Tiredness and Fatigue

Many of depression's symptoms - exhaustion, insomnia, nausea, headaches, weight loss, weight gain

- are physical ailments.

Gayle Forman


Although feeling tired all the time is very common, it isn't exactly 'normal',

and it shouldn't be something you have to live with.


For three years recently,  I suffered from extreme fatigue.


How do I know?


I was sleeping 10 – 12 hours per night, would not awaken refreshed, and within

an hour of waking I would have nodded off again. Unless I was busy, then if I

would sit down, even in a hospital waiting room, or on a short bus ride, I would

instantly nod off again and not just for a few moments; unless someone roused

me, I could nod off for 1 – 2 hours. Sometimes, on buses or trains, I would end

up at the end of the line.


Concerned, on numerous occasions, I went to my GP, and each time the story was something along the lines of, “You’ve reported this before. I don’t know what it can be.” And the subject would be changed by him by looking up his computer and then diverting discussion to one of the other medical conditions I had. And then there followed, “So if it doesn’t improve in a week, come back and see me.” And round and round the rugged rock of fatigue.


No examinations, no referrals. And in my time with poor health I met many other patients who reported similar treatment from their GP.


(I am aware that in a ten minute consultation a GP cannot always go digging with you – but the system needs to change to allow him or her the time.)


For, for fatigue of this nature, if this is somewhat like your situation, it needs exploration. Something is causing it, it is not just old age or a simple side effect of a medication you are taking. Tiredness and fatigue seriously impact the quality of your life and your ability to hold down a job and if you drive or use mechanical equipment, it can be downright dangerous.



Feeling tired all the time – sometimes known as TATT - may simply be because you're not getting enough shut-eye, are doing too much eg you are a parent, with a job, and caring for your children and for an elderly relative with no assistance, and also you can’t say no to other peoples’ requests. So sometimes the cause does not need medical intervention but personal, practical or attitudinal resolve. Seeking drugs to “pick you up” may also have side effects which bring you down. Sometimes you may need to lessen the hours you work, delegate some of your work, have children, if they are of an age, share the workload and so on.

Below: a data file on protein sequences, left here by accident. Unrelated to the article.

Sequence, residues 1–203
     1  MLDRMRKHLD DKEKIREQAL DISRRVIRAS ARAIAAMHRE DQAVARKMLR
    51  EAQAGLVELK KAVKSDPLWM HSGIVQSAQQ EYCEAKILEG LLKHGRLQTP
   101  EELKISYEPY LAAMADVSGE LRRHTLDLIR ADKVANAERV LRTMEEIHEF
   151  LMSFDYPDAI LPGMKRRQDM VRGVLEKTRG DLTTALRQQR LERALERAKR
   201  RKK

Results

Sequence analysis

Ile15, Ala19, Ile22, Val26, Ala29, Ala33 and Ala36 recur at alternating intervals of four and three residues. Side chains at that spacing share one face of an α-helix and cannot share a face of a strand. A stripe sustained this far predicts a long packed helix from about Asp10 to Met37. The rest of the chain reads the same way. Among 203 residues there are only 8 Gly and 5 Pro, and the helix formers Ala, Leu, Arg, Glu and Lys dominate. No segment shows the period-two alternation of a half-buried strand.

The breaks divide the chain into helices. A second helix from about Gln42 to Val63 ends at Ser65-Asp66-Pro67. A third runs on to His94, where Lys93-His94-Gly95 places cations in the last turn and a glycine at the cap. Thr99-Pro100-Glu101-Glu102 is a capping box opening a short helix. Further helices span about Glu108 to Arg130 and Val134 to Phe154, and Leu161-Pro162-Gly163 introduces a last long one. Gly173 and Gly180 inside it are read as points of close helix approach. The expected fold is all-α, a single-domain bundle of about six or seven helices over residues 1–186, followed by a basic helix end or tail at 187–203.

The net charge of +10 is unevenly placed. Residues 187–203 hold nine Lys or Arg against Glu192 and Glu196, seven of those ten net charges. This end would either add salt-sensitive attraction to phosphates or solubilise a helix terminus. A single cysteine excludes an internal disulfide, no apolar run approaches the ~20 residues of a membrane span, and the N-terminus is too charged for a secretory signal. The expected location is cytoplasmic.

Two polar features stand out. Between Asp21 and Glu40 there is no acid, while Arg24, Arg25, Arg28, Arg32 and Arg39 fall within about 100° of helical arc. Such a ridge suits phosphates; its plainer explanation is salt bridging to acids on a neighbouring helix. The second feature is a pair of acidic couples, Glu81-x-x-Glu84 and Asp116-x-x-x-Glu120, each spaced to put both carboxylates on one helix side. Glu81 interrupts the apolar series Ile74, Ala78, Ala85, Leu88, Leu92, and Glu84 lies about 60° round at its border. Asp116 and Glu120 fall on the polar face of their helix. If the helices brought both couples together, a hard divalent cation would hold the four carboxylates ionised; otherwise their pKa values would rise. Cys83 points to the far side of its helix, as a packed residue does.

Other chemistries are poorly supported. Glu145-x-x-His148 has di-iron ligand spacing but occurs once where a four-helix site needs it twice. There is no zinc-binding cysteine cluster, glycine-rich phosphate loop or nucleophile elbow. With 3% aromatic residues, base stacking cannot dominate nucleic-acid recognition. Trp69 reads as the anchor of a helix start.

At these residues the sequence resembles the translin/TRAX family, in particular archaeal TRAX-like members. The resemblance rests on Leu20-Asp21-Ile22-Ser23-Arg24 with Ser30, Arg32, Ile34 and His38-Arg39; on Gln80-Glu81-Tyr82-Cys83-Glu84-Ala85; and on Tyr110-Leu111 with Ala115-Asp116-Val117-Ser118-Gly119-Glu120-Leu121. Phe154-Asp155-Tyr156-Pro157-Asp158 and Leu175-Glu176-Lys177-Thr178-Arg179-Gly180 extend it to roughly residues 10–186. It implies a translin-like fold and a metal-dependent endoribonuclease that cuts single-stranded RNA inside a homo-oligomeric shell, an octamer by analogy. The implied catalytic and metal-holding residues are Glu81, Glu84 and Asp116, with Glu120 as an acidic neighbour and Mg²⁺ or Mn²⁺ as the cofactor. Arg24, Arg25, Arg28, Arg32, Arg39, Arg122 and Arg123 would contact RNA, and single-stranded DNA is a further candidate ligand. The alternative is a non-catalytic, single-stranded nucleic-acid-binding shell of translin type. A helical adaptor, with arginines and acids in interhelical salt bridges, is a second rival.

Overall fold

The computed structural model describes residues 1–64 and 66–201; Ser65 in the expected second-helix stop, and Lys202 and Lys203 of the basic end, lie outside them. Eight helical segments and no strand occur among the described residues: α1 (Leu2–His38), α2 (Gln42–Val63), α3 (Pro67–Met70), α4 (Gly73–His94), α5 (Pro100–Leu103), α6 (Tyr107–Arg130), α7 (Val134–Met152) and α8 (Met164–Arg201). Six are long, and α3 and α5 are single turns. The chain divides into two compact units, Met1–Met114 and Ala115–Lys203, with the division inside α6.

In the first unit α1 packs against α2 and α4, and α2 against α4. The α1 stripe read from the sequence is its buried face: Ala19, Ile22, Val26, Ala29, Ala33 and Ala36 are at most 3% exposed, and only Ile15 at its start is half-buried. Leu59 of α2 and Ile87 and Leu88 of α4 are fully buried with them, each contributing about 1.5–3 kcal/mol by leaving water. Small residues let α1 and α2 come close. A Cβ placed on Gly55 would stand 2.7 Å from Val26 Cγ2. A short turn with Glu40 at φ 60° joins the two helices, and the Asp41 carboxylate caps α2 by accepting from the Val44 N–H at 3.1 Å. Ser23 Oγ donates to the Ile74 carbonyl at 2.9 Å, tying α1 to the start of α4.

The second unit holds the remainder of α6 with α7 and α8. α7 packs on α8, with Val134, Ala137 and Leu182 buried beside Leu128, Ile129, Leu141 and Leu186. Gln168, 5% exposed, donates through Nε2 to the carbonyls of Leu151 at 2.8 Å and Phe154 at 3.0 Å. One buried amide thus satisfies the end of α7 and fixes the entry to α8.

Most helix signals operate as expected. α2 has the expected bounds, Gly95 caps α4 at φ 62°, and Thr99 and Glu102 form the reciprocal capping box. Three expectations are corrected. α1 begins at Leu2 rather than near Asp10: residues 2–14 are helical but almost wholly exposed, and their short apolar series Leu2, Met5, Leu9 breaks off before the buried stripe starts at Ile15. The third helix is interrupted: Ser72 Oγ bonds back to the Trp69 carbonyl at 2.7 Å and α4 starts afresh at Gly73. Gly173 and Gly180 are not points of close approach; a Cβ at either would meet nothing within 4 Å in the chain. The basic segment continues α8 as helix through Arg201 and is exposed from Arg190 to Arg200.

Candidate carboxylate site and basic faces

Depending on your particular circumstances, this kind of tiredness should be easy enough to address. And time and changing circumstances may also help.


But if you're feeling truly exhausted, and can't pin it on any obvious cause, and if it is by now troublesome to your mental well-being, in that you are becoming worried about the situation, or it is affecting your regular quality of life, then you should seek medical help and also go to a consultation having considered possibilities so that if you get the “nothing we can do” treatment you can be a bit more forceful.


Tiredness or Fatigue


It is important to distinguish between tiredness and fatigue.


Tiredness will usually result from perhaps not sleeping long enough or well enough each night, perhaps a period of physical exertion more than your norm, burning the candle at both ends. This can often be rectified by getting a good night's sleep, eating well, keeping hydrated, and making a few lifestyle changes – delegating family tasks, working fewer hours, working smarter not longer, learning to say “no!”


Fatigue – could stem from so much more . In my own case my GP could have considered (as I had to do myself) whether it was related to a pre-existing health condition, for me that would have been diabetes type 2, sleep apnoea, anxiety, or depression. But there is so much more that could have been considered (which in the end I explored myself.)

Reasons you feel tired all the time


If your tiredness doesn’t go away, even after a good night's sleep,  and especially if you're experiencing other symptoms, or suspect you have an underlying condition, and have been tired for more than four weeks, ie it is becoming chronic fatigue, it’s time to seek help to investigate the situation more closely.

Recognise that on-going tiredness isn't a disease, it's a symptom – an indication that something is going on and it may be accruing and be potentially damaging the longer you delay seeking help.